You have to drive to my house and leave your car there. Then you have to get into my old Combi (1998 model), adjust the seat and the mirrors to suit; scratch around in the dim garage light to remove the gear lock and orientate yourself. The indicators and light switches never seem to be on the same side as your car. My care assistants always help get me into the car before we leave but it is your problem once we get to the other side. Reversing out of my garage is no easy task as you negotiate the narrow space between your car and a concrete pillar – praying like hell that the electric gate doesn’t close on you as some bloody idiot put the sensor on the other side when it was built. What was he thinking? You then have to drive slowly and carefully. If you take a corner too sharply or hit the brakes too harshly my arms will inevitably fall off my arm rests. Then you will have to find a place to pull over to put them back otherwise I risk falling out of my chair completely. The difficulty in changing the gears is enough to shatter even the most confident driver’s nerves. The old air conditioner barely makes a difference in the heat and humidity of this area. So, by the time we get to our destination, the sweat will be dripping off of you. Oh yes, and I forgot to mention, I’m a nervous passenger and I tend to backseat drive – just a little.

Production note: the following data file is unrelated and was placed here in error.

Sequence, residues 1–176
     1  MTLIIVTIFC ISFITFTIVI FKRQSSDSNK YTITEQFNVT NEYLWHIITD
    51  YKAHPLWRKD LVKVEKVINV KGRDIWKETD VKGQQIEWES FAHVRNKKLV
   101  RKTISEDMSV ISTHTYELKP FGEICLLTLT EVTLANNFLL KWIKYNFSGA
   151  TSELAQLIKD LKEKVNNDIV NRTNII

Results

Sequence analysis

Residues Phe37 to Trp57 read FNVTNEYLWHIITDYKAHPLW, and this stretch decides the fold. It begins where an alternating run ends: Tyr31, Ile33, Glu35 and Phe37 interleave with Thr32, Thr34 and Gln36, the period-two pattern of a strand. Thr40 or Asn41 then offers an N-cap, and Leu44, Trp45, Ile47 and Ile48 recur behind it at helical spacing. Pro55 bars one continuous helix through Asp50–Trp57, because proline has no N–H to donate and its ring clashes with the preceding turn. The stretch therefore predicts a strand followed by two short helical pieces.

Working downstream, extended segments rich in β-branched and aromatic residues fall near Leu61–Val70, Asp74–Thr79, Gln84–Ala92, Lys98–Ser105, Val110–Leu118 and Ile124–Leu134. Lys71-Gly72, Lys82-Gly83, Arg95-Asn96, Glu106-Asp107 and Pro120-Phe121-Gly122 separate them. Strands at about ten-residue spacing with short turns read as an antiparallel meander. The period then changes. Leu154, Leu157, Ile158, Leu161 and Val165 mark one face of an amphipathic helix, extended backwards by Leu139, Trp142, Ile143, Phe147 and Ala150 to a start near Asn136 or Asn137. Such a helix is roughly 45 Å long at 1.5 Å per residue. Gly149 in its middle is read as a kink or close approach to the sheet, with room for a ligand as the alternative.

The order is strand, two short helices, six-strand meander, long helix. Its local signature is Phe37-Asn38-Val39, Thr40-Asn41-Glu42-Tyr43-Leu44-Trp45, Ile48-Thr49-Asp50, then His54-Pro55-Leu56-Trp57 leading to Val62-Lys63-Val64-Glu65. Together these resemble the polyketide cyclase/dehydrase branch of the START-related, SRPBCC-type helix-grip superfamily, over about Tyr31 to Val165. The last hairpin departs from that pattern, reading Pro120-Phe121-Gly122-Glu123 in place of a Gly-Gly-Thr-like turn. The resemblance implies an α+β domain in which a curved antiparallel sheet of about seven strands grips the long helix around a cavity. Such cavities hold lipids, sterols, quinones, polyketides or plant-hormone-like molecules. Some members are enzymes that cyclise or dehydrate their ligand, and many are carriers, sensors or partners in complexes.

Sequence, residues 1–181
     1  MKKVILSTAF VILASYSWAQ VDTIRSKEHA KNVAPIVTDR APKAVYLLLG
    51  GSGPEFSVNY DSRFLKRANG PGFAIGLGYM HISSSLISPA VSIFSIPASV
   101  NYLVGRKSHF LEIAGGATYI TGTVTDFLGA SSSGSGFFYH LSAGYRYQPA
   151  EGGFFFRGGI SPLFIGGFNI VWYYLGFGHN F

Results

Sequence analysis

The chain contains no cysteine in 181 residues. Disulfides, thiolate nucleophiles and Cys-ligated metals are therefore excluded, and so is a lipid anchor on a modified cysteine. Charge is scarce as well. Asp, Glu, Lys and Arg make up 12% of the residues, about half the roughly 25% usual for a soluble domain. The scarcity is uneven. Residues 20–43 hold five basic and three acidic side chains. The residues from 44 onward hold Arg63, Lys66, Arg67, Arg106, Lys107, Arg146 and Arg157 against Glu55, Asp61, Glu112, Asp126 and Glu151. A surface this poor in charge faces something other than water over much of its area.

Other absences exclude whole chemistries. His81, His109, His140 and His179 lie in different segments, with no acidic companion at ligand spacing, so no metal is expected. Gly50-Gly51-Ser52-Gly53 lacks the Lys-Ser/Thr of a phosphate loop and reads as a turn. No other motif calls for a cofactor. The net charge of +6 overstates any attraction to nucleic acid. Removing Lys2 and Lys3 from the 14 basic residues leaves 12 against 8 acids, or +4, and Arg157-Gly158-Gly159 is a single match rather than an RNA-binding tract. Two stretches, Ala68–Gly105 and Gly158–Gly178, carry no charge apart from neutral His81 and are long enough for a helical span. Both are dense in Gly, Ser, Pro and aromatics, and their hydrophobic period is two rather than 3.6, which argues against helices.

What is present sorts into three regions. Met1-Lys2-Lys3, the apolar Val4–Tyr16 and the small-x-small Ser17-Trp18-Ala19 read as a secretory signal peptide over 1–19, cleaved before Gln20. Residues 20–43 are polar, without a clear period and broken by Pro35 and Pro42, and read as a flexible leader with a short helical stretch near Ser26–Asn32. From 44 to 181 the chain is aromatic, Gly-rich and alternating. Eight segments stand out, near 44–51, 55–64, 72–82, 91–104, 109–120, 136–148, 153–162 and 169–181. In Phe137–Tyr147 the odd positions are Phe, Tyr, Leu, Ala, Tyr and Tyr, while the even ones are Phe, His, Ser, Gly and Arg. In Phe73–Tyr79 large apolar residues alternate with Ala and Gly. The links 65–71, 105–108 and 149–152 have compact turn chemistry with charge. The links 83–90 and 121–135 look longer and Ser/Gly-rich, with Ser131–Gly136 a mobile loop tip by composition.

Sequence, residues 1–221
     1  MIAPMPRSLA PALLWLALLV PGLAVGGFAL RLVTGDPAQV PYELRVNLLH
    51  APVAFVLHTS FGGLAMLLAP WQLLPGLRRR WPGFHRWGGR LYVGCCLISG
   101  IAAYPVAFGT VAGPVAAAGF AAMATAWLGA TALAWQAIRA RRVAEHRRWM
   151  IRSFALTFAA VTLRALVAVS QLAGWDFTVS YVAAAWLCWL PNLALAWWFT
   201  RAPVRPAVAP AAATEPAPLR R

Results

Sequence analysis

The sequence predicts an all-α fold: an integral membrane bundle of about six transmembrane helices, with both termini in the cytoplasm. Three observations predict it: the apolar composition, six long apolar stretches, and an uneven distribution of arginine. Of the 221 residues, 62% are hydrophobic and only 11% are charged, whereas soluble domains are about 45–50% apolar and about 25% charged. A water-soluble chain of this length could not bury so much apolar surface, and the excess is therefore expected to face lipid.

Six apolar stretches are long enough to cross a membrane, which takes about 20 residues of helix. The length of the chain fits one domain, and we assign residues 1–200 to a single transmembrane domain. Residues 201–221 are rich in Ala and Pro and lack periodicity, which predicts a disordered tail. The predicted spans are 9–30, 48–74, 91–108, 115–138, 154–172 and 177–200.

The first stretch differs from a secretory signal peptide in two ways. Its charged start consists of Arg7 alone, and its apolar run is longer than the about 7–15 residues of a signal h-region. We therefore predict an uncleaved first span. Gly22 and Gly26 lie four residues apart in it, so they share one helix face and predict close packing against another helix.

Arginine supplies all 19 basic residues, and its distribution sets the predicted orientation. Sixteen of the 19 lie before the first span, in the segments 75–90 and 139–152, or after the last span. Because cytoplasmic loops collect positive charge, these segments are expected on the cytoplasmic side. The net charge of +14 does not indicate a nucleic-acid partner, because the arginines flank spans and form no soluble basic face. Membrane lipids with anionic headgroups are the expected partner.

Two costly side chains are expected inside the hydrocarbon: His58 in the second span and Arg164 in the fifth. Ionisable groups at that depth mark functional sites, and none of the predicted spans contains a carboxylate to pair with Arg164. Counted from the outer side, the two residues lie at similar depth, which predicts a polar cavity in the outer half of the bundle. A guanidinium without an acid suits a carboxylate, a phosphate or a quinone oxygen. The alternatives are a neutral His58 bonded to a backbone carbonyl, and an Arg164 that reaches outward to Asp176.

So, it didn’t surprise me in the least when my friend admitted that she was too scared to drive me and that’s why she preferred taking me out with her husband’s help. And even he struggled.
But the worst was when we got to the Mall, all four the disabled parking bays were occupied. Only one vehicle displayed a legitimate permit to park in these spaces. My stomach immediately went into a knot as I know that now means more inconvenience for my friends and more hazards for me.
It meant that we had to find an alternative parking spot which is really difficult on a busy Friday evening.